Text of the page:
This section shows how to create and debug projects using the two versions of BIOS shipped with CCSv4: DSP/BIOS 5 and BIOS 6. The sentences marked as Tutorial: show specific steps to create and debug a project with BIOS 6 in a hardware target (a DSK6455 is used as an example). The hardware target allows to better explore the functionality of the BIOS debug tools, therefore a simulator is not used in this section.
To create a project with BIOS, follow the steps 1 through 5 in the GSG:Creating projects section. In step 5, select one of the two options in the Target content section: Use DSP/BIOS v5.xx or Enable RTSC Support.
Note: to date there is no way to add BIOS support to an existing non-BIOS project.
Tutorial: create a project named BIOS6_stairstep, set the Project Type to C6000, Device Variant to Generic C64x+ Device, Runtime Support Library to rts64plus.lib, select Enable RTSC Support and skip to the section BIOS6_Support below.
DSP/BIOS 5 Support
1. Selecting Use DSP/BIOS v5.xx enables the project to support DSP/BIOS 5 and creates a blank project. Click Finish.
2. A blank project will be shown in the C/C++ Projects tab.
- To use DSP/BIOS 5, a configuration file (.TCF) must be created or added to the project, as well as any source file.
3. Several example files are installed with CCSv4. Go to menu Project --> Add Files to Active Project... and then browse to the BIOS5 examples directory typically located at:
- C:\Program Files\Texas Instruments\bios_5_4x_xx_xx\packages\ti\bios\examples\
- This directory has the C source files for some examples.
4. Highlight the desired C or CPP source file (<bigtime.cpp>, <semaphore.c>, etc.) to add it to the project. Click Open.
5. Repeat step 3. This time open the subdirectory that corresponds to the target used (evmOMAPL138, dsk5510, ezdsp2812, etc.).
6. Inside this subdirectory highlight the .TCF file that has the same name as the source file chosen in step 3 (<bigtime.tcf>, <semaphore.tcf>, etc.)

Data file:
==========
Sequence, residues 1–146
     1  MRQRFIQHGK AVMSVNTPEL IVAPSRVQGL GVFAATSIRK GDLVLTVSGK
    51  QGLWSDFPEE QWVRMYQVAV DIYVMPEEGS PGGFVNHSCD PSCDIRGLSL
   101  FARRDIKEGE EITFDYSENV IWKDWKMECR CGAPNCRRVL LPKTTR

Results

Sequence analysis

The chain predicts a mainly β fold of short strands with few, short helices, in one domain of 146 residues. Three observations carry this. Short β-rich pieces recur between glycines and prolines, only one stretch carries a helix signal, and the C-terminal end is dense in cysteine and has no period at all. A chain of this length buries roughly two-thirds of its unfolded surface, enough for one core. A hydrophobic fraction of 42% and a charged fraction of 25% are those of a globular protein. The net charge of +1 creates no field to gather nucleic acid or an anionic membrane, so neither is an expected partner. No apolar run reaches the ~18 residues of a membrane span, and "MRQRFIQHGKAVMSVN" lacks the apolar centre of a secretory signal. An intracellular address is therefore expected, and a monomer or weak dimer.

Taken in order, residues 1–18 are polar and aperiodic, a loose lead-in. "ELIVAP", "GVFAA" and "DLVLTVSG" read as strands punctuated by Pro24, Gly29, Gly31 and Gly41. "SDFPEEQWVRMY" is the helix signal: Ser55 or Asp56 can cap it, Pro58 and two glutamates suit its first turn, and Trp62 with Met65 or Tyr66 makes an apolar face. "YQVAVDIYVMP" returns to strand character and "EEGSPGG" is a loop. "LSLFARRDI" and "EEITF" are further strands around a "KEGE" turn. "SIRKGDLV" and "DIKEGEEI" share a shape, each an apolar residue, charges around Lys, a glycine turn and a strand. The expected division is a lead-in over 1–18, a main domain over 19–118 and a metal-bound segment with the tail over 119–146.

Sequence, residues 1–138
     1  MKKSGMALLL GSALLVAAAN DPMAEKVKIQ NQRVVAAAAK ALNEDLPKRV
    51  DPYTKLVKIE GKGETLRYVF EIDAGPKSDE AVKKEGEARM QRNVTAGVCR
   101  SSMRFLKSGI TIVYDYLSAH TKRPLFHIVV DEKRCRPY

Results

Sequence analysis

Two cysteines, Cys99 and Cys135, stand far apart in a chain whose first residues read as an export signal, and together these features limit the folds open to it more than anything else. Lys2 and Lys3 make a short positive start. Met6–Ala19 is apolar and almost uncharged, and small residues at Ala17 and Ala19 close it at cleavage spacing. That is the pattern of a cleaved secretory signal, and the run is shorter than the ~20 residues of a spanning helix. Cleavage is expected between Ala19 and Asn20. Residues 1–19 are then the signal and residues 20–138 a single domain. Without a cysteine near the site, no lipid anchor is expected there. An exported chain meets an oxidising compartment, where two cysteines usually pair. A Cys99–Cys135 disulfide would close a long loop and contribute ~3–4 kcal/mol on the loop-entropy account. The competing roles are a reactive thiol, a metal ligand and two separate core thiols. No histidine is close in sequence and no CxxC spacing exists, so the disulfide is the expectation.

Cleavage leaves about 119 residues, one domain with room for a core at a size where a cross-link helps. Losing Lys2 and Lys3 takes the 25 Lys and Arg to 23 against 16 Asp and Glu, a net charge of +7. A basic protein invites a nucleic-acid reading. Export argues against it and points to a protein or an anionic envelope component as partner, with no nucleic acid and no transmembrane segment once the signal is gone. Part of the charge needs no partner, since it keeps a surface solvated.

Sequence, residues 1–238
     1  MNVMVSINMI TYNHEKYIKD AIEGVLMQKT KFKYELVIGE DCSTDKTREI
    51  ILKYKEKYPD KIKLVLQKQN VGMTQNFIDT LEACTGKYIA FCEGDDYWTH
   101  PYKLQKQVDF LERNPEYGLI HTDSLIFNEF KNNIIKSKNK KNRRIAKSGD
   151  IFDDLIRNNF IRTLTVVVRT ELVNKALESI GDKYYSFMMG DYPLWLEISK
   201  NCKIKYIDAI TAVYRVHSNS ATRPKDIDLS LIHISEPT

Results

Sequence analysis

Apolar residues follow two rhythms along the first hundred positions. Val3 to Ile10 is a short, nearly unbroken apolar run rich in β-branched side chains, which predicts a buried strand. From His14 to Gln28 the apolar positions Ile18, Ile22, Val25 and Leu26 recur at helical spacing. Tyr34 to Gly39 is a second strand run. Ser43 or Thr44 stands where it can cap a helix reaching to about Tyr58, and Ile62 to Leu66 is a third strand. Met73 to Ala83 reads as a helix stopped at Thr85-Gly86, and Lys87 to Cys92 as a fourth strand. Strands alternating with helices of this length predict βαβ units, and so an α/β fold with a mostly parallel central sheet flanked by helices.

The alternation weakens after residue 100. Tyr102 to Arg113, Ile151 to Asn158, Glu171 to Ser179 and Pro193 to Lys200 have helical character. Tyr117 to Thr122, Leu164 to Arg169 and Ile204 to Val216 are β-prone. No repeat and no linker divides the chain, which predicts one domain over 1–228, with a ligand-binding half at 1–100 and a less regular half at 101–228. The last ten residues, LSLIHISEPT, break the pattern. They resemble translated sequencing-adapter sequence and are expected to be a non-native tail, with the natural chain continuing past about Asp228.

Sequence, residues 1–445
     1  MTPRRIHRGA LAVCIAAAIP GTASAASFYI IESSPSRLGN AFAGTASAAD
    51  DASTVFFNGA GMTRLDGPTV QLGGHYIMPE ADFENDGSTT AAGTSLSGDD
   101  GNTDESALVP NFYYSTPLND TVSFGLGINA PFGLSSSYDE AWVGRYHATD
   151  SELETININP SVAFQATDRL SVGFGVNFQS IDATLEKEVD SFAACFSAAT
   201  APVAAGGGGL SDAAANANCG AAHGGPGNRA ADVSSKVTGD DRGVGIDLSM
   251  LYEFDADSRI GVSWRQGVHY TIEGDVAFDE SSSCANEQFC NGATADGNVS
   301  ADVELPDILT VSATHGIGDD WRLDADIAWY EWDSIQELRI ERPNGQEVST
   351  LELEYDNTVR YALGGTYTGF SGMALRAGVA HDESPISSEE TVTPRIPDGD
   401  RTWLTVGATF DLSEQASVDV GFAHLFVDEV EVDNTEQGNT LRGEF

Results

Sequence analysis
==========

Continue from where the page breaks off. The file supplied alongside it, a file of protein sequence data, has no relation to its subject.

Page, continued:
- Each subdirectory has a board BIOS5 configuration file (.tcf) for each example.
7. Once each file is added the project is ready to build. Go to menu Project --> Build Active Project to compile everything.
Note: Proper mode for RTDX needs to be setup to match the type of target (Simulator or Target Hardware) during debug. If " Not a valid RTDX program: RTDX protocol (JTAG) does not match CCS setup (SIMULATOR)" message occurs while using a simulator, Double click on the .tcf file in your project to open it in the editor Expand Input/Output, Select RTDX, right click and select properties, you can then change the RTDX mode to simulator.
1. Selecting Enable RTSC Support requires additional project configuration steps. Click Next.
2. This screen will enable you to use an existing RTSC configuration project in the workspace or allow to create one from scratch.
- Select the option Create a new RTSC Configuration project , as initially there are no projects in the workspace. Click Next.
- Optional. The option Reference an existing RTSC Configuration project allows to select an existing RTSC configuration project in the workspace. All the RTSC projects will be shown in the box.
Tutorial: simply click Next.
3. This next screen allows choosing the name of the configuration project - the default name chosen is usually a good idea. Click Next.
Tutorial: same thing as before. Simply click Next.
4. The next screen requires choosing the target configuration for BIOS6.